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The Disruption of Journalism by Algorithmic News and J-Robots

The next speakers at ECREA 2016 are Marko Milosavljević and Igor Vobić, whose interest is in the emergence of automated journalism and 'j-robots'. Such technologies are gradually emerging into everyday journalistic practices, and the prospect in an industry under stress is that what can be automated will be automated; this creates new tensions for the news industry, however.

The challenge here is in part to journalistic professional ideology, including ideals of public service, objectivity, autonomy, temporality, and ethics: journalism sees itself as performing a public service for its audiences, but personalisation and customisation has also been seen as undermining this; objectivity describes a particular journalistic stance, and there are now new hopes for a kind of algorithmic objectivity in automated news content; autonomy rests on premises of rationalised (dis)connection from politics, and algorithmic and autonomous decision-making could help with this.

Temporality reflects the historical salience of time in the creation and distribution of news, and automated news production and dissemination holds up the promise of instant and even anticipatory coverage; finally, journalistic ethics have become codified in the last century, but still differ widely across organisations and countries, and algorithmic journalism shifts the challenge of such ethical considerations to the programmers of the algorithms.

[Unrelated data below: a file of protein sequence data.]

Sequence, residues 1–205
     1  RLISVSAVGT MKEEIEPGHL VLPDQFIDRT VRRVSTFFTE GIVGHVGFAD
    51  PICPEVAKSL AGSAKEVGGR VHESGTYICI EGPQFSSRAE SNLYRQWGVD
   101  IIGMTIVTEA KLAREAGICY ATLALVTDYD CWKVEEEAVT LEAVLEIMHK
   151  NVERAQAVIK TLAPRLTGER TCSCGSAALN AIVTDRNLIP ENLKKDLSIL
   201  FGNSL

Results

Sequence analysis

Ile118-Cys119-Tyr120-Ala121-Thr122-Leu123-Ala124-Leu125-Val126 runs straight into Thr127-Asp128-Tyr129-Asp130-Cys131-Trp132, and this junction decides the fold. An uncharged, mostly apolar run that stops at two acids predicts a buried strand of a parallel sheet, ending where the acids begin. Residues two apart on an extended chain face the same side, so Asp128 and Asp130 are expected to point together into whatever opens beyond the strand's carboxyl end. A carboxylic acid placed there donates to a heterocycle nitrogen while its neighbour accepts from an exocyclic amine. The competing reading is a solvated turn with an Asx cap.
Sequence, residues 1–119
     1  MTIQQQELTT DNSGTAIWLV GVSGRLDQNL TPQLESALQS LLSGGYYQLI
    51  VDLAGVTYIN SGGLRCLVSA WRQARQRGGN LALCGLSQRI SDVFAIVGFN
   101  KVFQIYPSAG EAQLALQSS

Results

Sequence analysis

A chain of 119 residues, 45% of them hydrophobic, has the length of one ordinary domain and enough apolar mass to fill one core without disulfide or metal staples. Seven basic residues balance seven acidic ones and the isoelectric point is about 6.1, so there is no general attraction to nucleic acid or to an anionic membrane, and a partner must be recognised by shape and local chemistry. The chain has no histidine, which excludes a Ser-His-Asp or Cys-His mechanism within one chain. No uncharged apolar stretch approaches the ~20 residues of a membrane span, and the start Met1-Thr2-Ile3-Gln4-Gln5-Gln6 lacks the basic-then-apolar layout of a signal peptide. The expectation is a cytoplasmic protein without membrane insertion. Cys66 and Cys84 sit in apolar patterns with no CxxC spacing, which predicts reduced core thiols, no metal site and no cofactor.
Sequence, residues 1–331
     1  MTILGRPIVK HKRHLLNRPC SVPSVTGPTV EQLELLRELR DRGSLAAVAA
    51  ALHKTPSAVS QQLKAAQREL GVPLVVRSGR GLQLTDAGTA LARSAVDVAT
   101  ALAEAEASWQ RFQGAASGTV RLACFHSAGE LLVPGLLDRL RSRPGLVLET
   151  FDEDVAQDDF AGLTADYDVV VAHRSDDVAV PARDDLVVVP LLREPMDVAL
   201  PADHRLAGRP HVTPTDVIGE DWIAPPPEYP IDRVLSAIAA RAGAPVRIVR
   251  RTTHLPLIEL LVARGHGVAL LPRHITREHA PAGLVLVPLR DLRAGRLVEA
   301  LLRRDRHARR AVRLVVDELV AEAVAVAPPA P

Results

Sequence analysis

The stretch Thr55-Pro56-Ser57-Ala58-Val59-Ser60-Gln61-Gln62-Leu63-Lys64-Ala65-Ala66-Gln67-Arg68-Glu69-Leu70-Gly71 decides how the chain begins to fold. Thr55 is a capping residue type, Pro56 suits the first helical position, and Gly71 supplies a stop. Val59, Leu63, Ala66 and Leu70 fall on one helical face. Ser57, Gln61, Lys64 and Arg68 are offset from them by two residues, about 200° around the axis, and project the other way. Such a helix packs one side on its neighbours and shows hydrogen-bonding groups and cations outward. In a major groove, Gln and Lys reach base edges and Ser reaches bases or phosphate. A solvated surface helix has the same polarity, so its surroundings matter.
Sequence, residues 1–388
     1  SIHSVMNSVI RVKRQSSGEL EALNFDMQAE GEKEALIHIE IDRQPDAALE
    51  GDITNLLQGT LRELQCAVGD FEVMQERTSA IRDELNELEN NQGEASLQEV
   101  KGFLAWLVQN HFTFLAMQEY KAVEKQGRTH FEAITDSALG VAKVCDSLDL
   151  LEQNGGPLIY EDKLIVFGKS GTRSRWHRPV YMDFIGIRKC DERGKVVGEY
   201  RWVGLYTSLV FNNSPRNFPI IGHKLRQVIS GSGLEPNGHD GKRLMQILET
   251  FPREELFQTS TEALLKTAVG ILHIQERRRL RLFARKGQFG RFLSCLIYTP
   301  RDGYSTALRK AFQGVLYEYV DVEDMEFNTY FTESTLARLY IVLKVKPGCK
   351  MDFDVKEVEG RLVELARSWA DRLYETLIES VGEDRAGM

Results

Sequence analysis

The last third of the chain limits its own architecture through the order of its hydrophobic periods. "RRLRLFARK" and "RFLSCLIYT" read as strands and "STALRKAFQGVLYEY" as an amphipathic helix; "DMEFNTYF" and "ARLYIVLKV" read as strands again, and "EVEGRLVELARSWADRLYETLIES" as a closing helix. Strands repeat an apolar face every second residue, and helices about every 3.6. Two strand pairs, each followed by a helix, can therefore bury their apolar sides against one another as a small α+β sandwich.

This project has so far explored these questions through interviews with editors at the Financial Times, Guardian, and Reuters. These have shown that automated news production processes to date only augment rather than replace conventional journalism at these institutions (unlike, say, the situation at Bloomberg). Algorithms so far inform the journalistic process – for instance in story selection or placement, or the commitment of further journalistic resources to a poorly-performing story –, but final editorial decisions remain with human editors as autonomous decision-makers.

The biggest impact has been on the temporality of news reporting: algorithmic reporting – especially in analysing press releases and doing automated reporting on business results – is already prominent here. But editors are also well aware of ethical issues here, as well as more broadly of the potential for mistakes to be made; so far, except for the temporal dimension, this is still a 'humans in the loop' rather than 'humans out of the loop' model, but there is also a sarcastic anticipation of a further algorithmic takeover of the news: 'the robots are coming for us'.